We ordinary people say, “I, you.” “I” comes first. But for bodhisattvas, others always come first. Once we see that our own enlightenment depends on each and every other sentient being, there is no doubt that we will regard them all as precious beyond compare. If we even leave out one single being, we cannot become enlightened. It is in this way that we have to practice.
I was talking with one close friend, and he recounted an experience he’d encountered with one of his friends. Strong, harsh words had been exchanged and they were no longer on speaking terms. He told me that when he recites his daily commitments, he would automatically include his once-friend-now-enemy along with all other sentient beings. He didn’t now think, “Well, this guy isn’t my friend anymore so I will not include him in my prayers.” He was doing his best to practice.
Many people leave their enemies out and only pray for their family and friends. Bodhisattvas don’t do this because they see the kindness of all sentient beings as being equal and understand that to attain the ultimate goal of Buddhahood, full enlightenment, they require every sentient being. It is almost like a rule that if one sentient being is left out, it doesn’t work. No one can be left out. Thus, patience is very important. We need to see sentient beings as very precious, especially those we currently regard as our enemies.
The Practice of Perseverance
(28) A bodhisattva’s practice is to exert perseverance, the source of good qualities for the purposes of all wandering beings, since we can see that even shravakas and pratyekabuddhas, who would accomplish only their own purposes, have such perseverance that they would turn from a fire that has broken out on their heads.
With this verse, Gyalse Togme Zangpo introduces perseverance, the fourth perfection or far-reaching attitude. Perseverance comes in the middle of the list, and there’s a reason for this. Without perseverance, there is no way we can improve and develop our generosity, ethical discipline, and patience. That’s why it is in the middle. Concentration and discriminating awareness, the following perfections, are also based on perseverance.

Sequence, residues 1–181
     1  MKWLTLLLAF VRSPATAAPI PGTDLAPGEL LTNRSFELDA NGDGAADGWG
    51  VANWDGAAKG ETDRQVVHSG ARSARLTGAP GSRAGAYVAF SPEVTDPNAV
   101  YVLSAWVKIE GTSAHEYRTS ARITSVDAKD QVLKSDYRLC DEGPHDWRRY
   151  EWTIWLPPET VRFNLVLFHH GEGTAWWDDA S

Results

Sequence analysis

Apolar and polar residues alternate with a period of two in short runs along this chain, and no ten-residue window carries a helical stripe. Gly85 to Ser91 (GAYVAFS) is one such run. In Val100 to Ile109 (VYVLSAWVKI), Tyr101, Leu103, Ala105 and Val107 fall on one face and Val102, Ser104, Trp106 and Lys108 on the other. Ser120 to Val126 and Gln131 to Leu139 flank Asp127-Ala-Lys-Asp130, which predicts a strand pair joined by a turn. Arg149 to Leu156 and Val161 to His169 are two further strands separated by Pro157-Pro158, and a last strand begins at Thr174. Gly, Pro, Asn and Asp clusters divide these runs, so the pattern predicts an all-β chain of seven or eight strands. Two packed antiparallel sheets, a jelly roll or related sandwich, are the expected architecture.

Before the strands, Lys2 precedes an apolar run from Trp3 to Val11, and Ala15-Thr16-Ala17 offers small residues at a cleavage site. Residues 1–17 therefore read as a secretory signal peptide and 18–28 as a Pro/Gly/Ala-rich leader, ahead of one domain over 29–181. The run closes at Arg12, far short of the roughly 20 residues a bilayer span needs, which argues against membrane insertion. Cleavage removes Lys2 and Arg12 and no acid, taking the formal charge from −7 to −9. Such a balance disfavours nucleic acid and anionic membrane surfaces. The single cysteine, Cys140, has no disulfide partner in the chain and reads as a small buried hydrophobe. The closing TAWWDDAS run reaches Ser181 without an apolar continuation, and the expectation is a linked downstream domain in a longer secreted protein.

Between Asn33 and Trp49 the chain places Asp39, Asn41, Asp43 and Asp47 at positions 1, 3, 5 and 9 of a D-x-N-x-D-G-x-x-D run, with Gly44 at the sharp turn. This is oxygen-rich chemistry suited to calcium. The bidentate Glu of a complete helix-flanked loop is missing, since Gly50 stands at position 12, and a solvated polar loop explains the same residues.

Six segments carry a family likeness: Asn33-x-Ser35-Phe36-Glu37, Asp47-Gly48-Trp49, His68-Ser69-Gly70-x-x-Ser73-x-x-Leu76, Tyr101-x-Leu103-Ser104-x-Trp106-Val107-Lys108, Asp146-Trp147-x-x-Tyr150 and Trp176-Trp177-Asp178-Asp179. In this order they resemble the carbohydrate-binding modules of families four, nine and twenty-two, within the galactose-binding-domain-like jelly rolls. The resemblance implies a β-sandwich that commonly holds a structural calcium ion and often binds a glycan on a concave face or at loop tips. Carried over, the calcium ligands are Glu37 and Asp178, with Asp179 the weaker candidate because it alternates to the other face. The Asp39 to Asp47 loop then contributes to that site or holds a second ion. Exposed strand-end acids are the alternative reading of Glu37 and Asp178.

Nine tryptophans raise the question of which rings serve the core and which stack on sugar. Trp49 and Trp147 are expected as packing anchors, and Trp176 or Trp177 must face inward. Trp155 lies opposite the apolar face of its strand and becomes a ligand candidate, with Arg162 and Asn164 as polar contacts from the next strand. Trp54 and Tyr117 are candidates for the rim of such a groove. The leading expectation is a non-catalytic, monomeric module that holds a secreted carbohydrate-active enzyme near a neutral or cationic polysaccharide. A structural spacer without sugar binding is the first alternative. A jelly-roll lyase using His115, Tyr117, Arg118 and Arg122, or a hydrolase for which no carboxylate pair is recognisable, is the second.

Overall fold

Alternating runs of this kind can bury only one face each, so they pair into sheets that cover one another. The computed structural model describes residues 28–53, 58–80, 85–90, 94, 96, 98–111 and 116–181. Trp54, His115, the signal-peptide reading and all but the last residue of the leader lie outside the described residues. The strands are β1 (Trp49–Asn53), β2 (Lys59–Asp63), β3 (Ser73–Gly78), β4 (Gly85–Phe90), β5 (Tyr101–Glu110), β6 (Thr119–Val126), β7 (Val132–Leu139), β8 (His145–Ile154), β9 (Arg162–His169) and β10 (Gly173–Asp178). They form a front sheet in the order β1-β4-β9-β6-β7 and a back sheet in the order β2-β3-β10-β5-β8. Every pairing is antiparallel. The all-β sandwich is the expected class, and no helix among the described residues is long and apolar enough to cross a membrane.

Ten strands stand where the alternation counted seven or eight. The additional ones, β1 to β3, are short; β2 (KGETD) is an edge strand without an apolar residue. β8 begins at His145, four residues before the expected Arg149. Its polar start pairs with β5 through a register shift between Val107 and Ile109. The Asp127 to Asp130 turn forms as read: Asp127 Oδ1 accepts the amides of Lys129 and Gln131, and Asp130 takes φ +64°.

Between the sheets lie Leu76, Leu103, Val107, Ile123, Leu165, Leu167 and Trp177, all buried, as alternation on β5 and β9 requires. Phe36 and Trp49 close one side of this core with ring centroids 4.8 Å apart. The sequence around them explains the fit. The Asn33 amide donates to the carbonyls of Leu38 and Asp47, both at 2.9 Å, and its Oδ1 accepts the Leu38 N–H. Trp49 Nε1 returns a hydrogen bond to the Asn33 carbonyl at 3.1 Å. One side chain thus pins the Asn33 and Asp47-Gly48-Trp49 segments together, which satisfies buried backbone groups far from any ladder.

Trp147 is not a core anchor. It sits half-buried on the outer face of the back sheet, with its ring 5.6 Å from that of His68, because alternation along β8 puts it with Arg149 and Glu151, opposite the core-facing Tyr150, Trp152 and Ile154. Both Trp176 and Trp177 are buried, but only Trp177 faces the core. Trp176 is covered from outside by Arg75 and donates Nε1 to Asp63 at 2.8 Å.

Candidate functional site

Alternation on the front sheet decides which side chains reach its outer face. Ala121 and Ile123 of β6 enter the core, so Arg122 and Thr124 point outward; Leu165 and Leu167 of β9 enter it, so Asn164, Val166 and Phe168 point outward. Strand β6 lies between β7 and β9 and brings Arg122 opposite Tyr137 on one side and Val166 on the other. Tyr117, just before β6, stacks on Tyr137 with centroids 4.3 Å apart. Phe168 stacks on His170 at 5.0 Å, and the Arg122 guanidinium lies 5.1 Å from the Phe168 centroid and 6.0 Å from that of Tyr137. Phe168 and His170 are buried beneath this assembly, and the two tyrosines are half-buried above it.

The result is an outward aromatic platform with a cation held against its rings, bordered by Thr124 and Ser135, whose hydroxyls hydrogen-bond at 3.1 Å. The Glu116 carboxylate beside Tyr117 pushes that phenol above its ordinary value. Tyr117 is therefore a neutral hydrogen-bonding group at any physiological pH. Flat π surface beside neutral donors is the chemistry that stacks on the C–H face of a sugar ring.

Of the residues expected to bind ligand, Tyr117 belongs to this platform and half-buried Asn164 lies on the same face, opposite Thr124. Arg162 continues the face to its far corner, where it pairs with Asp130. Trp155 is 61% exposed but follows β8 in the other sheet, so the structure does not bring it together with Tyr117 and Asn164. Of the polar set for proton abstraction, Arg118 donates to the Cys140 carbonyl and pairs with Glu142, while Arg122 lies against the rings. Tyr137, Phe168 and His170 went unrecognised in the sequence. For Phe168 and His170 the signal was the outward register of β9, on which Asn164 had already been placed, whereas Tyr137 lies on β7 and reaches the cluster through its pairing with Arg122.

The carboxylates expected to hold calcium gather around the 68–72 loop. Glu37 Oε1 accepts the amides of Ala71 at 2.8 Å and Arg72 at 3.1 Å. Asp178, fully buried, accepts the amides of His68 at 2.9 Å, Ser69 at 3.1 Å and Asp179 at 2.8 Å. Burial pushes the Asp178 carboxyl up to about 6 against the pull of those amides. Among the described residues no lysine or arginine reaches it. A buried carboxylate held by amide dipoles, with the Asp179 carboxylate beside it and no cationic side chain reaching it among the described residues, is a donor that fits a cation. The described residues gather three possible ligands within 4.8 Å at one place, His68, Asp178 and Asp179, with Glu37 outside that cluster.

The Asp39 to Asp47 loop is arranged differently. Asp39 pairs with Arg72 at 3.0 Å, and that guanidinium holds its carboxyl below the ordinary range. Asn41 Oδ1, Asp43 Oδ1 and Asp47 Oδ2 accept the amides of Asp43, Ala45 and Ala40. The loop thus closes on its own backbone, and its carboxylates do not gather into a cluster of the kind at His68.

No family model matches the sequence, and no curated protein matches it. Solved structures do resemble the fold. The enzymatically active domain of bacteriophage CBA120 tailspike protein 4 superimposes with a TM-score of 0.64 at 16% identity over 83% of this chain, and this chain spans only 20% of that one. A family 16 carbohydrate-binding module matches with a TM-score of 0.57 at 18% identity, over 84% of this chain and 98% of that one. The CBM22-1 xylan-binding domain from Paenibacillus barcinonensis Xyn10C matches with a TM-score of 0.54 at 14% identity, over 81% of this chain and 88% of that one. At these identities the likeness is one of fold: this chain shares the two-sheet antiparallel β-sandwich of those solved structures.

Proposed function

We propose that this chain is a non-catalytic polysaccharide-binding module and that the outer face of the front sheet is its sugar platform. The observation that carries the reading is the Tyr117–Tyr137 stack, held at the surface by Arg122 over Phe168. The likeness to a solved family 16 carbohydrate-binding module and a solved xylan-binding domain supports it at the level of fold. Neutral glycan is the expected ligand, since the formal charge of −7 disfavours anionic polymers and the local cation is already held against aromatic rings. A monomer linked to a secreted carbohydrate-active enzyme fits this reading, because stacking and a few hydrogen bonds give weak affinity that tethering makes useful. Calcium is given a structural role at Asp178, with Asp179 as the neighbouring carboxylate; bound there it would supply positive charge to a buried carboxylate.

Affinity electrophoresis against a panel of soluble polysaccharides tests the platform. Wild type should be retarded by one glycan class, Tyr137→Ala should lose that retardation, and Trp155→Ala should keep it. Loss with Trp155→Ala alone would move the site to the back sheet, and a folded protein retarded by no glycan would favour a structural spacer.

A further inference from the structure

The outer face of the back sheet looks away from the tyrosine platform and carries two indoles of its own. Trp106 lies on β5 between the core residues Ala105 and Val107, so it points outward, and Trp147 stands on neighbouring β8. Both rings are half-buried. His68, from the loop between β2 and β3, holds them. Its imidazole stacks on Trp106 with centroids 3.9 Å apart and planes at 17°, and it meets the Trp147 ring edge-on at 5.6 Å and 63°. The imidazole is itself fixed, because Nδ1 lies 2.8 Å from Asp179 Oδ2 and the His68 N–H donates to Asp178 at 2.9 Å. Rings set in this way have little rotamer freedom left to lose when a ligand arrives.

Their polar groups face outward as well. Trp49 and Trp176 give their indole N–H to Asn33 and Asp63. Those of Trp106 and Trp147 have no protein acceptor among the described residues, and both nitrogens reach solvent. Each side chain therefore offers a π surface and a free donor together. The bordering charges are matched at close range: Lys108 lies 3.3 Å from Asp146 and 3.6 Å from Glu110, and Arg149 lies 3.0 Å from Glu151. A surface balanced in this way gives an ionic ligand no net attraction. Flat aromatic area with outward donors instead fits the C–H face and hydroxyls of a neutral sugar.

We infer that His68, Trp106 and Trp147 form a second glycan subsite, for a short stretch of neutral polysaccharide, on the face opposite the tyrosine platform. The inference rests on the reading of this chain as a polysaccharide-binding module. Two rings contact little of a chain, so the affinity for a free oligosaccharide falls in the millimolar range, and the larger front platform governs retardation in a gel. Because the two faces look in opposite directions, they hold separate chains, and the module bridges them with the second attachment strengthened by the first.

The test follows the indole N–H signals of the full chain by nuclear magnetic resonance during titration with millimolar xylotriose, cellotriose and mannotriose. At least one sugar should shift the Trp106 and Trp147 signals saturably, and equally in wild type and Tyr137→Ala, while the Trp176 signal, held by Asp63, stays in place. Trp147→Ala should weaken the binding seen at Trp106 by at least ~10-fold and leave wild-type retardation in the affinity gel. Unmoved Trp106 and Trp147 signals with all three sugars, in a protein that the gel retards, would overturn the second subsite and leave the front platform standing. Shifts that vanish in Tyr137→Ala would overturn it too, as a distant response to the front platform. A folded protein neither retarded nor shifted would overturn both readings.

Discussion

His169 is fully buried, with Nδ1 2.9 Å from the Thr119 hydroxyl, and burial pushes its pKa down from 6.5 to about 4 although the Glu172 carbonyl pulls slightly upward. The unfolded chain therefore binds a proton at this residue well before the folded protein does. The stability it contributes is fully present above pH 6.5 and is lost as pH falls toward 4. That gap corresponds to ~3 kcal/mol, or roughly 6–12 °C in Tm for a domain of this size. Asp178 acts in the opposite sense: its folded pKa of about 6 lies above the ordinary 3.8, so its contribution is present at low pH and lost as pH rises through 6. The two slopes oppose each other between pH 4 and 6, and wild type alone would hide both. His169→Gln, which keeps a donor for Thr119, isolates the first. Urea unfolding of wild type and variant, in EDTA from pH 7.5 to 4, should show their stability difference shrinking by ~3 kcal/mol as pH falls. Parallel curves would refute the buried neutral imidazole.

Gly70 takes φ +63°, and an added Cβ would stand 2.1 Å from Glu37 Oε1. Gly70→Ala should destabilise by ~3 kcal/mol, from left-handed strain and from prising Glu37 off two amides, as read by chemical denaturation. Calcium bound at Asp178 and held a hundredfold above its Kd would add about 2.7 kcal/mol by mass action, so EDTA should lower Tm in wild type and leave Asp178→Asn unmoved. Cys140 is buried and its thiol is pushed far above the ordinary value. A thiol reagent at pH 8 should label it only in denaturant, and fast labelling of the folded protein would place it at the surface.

We have a saying in Tibet that even if we have wisdom, without perseverance we are just like a dead body – we don’t accomplish anything. When we talk about far-reaching perseverance, we should be aware that not all perseverance is meant. For instance, there are many people who put so much perseverance and effort into making money. They might make a lot of money for themselves and be very skillful at it, but we don’t call that far-reaching perseverance. Far-reaching perseverance is in something constructive for both ourselves and others.
The verse also mentions shravakas and pratekyabuddhas. Shravakas are also known as listeners, and pratyekabuddhas as self-realizers. Shravakas are called listeners because they listen to the Buddha and then practice what they’ve heard. Their motivation is limited, as they only want to attain liberation as an arhat for their own benefit. They practice what they’ve heard from the Buddha, but they don’t do everything the Buddha asks them to do, like developing great compassion and bodhichitta. But they can deliver the message for others. The Buddha taught how to attain full enlightenment, and the listeners deliver the message but don’t seek full enlightenment themselves. They only aim for liberation.
Pratekyabuddhas or self-realizers are more stubborn. It might be a bit harsh to say it like that. In Tibetan, they translated the term from Sanskrit as rhinoceros, because rhinos like to live as solitary creatures. They don’t live in herds like elephants. They like to stay in meditation for long periods and are influenced by having heard the Buddha’s teachings in previous lives. It is said that they are a little afraid of Buddhas, because they’re worried of being influenced away from their meditation and into practicing bodhichitta and attaining full enlightenment. They pray that when a Buddha comes to a world system, may they not be there! That is why when the Buddha was born and the self-realizers living in Varanasi at the time heard about this, many decided to disappear. Some flew far away with their miraculous powers and others even burned their bodies. The difference between listeners and self-realizers is that self-realizers build more positive potential, and so are able to teach others in a unique way, without speech, but with miraculous means and gestures.